The contracts could offer a new way for students and their families to handle the burden of postsecondary education bills. In recent years, rising tuition costs, combined with limits on federal loans, have increasingly forced students to resort to private loans, which have markedly higher interest rates. The challenges of paying for college promise to intensify during the economic downturn. Disruptions in the credit market have caused turmoil for student borrowers, while diminished endowments may force many colleges to jack up tuition rates even higher. Constraints on the federal budget will limit the options of President-elect Obama and the next Congress, regardless of their plans to aid students.

What we should question is why higher education isn’t provided to the public like k-12.  Now that would be an innovative investment.

Virginia November 4th

Today Virginia Feels Blue:

As I write this I can hear beeps from cars passing Obama volunteers with signs.  The response has been enormously positive, with only a stray middle finger or scowl from an old McCain/Palin supporter to suggest they even exist.  When I went to vote, I saw about 8 Obama volunteers next to one McCain/Palin volunteer.  Since I went at lunch, there was no line (although we did have a bit of confusion about where in the library to vote, at one point I joked perhaps either the nonfiction or the large print aisles were the spot to be).

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Buyer’s Remorse on McCain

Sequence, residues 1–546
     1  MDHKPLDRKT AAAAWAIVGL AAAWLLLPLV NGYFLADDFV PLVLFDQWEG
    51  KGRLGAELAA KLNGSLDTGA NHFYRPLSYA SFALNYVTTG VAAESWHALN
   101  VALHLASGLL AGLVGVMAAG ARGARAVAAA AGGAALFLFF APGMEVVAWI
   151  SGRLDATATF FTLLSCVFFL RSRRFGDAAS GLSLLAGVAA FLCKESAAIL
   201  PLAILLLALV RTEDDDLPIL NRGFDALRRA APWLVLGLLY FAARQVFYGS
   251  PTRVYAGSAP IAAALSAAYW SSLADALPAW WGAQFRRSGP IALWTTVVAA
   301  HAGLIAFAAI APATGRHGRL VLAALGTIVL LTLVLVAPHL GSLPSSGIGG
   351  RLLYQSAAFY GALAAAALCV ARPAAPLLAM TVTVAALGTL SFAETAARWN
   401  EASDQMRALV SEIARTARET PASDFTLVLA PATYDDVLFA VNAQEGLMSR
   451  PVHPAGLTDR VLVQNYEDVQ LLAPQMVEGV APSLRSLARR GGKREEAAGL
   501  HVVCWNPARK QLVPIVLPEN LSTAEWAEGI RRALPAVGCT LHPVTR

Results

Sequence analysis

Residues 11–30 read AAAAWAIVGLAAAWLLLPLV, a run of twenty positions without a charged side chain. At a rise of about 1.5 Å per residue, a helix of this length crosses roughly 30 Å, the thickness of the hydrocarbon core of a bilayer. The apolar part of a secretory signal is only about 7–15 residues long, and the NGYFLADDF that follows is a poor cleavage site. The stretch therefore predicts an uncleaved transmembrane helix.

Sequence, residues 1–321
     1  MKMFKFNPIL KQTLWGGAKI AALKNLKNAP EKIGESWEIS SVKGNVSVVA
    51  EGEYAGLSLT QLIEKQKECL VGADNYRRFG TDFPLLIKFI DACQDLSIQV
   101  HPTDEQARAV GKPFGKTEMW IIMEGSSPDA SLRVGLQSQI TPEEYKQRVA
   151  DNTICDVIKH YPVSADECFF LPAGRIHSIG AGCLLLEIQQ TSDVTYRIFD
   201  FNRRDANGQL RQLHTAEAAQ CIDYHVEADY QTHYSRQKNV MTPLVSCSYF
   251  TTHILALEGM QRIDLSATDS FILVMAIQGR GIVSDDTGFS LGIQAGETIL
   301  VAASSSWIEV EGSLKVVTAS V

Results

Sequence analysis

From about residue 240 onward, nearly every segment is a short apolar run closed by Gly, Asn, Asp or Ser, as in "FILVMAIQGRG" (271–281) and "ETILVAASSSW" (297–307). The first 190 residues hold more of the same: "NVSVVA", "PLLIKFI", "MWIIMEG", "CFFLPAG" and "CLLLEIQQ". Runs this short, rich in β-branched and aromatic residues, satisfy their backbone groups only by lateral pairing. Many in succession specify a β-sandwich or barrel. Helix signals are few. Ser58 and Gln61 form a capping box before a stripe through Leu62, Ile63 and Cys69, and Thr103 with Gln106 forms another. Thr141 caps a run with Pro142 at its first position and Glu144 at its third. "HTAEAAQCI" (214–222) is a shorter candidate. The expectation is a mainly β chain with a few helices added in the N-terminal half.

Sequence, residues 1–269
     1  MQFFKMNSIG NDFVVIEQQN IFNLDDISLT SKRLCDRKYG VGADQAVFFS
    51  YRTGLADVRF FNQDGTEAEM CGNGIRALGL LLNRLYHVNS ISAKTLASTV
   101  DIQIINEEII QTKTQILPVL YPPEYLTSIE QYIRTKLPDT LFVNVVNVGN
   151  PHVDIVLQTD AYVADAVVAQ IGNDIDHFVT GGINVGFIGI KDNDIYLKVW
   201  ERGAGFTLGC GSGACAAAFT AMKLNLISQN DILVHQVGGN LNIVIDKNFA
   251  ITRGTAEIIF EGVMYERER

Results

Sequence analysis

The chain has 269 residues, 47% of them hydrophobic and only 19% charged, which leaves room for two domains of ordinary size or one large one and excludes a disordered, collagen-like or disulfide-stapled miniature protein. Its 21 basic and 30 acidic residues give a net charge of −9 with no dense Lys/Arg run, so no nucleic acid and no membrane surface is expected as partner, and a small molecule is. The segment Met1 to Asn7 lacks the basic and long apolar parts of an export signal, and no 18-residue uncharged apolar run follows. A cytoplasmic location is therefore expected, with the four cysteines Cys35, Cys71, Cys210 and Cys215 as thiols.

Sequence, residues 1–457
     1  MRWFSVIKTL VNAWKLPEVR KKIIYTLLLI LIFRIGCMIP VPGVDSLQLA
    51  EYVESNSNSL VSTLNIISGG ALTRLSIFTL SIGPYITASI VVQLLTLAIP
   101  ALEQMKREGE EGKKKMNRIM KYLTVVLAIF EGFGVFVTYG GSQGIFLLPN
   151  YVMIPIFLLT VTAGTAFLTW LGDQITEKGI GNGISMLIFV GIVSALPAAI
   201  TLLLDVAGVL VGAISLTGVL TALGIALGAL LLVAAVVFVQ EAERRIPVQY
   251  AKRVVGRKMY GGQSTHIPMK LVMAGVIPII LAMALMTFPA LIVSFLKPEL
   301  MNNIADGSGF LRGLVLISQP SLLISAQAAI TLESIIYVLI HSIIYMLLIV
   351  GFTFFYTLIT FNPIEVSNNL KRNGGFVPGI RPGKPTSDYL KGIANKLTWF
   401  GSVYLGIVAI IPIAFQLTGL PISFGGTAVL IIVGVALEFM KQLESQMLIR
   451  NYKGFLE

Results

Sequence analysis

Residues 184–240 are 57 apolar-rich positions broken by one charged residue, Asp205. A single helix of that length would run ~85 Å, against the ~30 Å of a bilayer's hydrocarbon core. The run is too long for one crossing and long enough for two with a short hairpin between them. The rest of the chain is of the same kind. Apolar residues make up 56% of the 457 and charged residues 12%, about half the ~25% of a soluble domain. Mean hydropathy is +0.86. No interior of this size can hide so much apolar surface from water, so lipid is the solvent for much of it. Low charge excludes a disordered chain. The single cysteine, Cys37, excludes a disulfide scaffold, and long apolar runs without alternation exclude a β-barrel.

As the race tightens, Alexander Mooney over at CNN Political Ticker speculates voters who have not yet voted may be experiencing a kind of buyers remorse:

“It’s possible that McCain will continue to close the gap over the final few days of the campaign,” said CNN Senior Political Researcher Alan Silverleib. “Presidential elections often tighten up at the end, especially if there’s not an incumbent on the ballot. Voters sometimes experience a degree of ‘buyer’s remorse’ before settling on a new president.”

That doesn’t sound like buyer’s remorse to me.  It sounds like undecided voters still swinging.

Now this on the other hand (via Jesse Taylor at Pandagon), sounds like real buyer’s remorse (Iowa State Daily):

Elborno said even McCain supporters were among those being asked to leave.

“I saw a couple that had been escorted out and they were confused as well, and the girl was crying, so I said ‘Why are you crying? and she said ‘I already voted for McCain, I’m a Republican, and they said we had to leave because we didn’t look right,’” Elborno said. “They were handpicking these people and they had nothing to go off of, besides the way the people looked.”

Do Republicans who support the attacks on our constitutional rights cry when those same policies come back to bite them in the ass?  Do they experience shock, or buyer’s remorse?  I wonder if it is the latter.

Who do you know who buys a crappy used car from a shady dealership, and after going into debt trying to fix it (and getting hurt when the airbags failed to deploy) goes back to the same damn dealer for an older model?